The significant reduction in lean mass was possibly caused by a change in the absorption of nutrients due to the surgical procedure (4242. Hartwig TW, Santos FA, Gonzalez MC, Rombaldi AJ. Effects of bariatric surgery on the body composition of adults. Rev Bras Cineantropom Desempenho Hum. 2013;15(6):686-94, http://dx.doi.org/10.5007/1980-0037.2013v15n6p686.
http://dx.doi.org/10.5007/1980-0037.2013...
) as well as to the low-calorie diet generally prescribed in the postoperative period, which leads to proteolysis to meet the metabolic needs of the patient (4343. Leite FS, Barbalho-Moulim MC, Soares KKD, Dias FD, Peixoto-Souza FS, Costa D. Evaluation of functional capacity, body composicion and pulmonary function after bariatric surgery. Health. 2013;5(8A3):47-53, http://dx.doi.org/10.4236/health.2013.58A3007.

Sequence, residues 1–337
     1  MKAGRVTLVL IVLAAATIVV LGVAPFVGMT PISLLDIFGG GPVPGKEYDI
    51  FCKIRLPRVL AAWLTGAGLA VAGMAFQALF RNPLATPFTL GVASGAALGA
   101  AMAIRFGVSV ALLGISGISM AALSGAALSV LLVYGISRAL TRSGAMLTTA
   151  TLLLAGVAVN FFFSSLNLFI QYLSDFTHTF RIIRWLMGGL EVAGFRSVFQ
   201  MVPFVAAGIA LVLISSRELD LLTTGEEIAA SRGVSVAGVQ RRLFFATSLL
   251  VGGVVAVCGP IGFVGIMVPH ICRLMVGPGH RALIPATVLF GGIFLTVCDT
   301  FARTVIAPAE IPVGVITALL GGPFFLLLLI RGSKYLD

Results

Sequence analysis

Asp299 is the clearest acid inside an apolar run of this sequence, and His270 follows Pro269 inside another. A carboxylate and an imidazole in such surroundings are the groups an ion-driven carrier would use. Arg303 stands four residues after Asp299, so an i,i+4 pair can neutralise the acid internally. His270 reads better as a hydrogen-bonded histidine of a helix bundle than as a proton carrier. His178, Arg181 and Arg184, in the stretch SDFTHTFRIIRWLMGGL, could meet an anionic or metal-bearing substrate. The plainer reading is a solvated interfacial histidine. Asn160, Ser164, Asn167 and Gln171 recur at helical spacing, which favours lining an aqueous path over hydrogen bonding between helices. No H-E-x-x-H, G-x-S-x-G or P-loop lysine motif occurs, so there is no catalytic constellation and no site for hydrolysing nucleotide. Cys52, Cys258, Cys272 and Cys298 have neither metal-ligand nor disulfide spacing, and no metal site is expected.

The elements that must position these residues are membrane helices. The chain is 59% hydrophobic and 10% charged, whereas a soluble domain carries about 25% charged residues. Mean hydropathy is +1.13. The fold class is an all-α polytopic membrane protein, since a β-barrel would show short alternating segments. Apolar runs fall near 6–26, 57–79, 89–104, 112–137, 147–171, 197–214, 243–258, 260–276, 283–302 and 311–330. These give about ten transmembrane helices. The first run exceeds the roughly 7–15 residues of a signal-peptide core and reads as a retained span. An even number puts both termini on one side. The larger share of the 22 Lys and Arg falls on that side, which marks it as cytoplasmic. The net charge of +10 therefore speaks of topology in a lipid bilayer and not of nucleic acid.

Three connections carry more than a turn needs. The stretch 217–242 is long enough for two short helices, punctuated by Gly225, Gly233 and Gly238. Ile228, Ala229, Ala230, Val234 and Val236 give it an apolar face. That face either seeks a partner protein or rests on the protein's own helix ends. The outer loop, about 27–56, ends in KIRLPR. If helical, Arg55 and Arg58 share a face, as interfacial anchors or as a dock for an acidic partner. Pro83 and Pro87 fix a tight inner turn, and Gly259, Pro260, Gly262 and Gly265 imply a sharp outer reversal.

http://dx.doi.org/10.4236/health.2013.58...
,4444. Cunha SF, Sanches M, Faria A, Santos JE, Nonino-Borges CB. Evolução da massa corporal magra após 12 meses da cirurgia bariatrica. Rev Nutr. 2010;23(4):535-41, http://dx.doi.org/10.1590/S1415-52732010000400004.
http://dx.doi.org/10.1590/S1415-52732010...
). These findings are in agreement with data described in a previous study (4242. Hartwig TW, Santos FA, Gonzalez MC, Rombaldi AJ. Effects of bariatric surgery on the body composition of adults. Rev Bras Cineantropom Desempenho Hum. 2013;15(6):686-94, http://dx.doi.org/10.5007/1980-0037.2013v15n6p686.
http://dx.doi.org/10.5007/1980-0037.2013...
) in which the authors analyzed body composition in obese individuals before and 30 days after bariatric surgery and found a mean reduction of 14 kg in weight, 5.2 kg/m2 in BMI, 9.7 kg in fat mass and 4.4 kg in lean mass after one month. The present findings are also in agreement with studies employing different methodologies (4444. Cunha SF, Sanches M, Faria A, Santos JE, Nonino-Borges CB. Evolução da massa corporal magra após 12 meses da cirurgia bariatrica. Rev Nutr. 2010;23(4):535-41, http://dx.doi.org/10.1590/S1415-52732010000400004.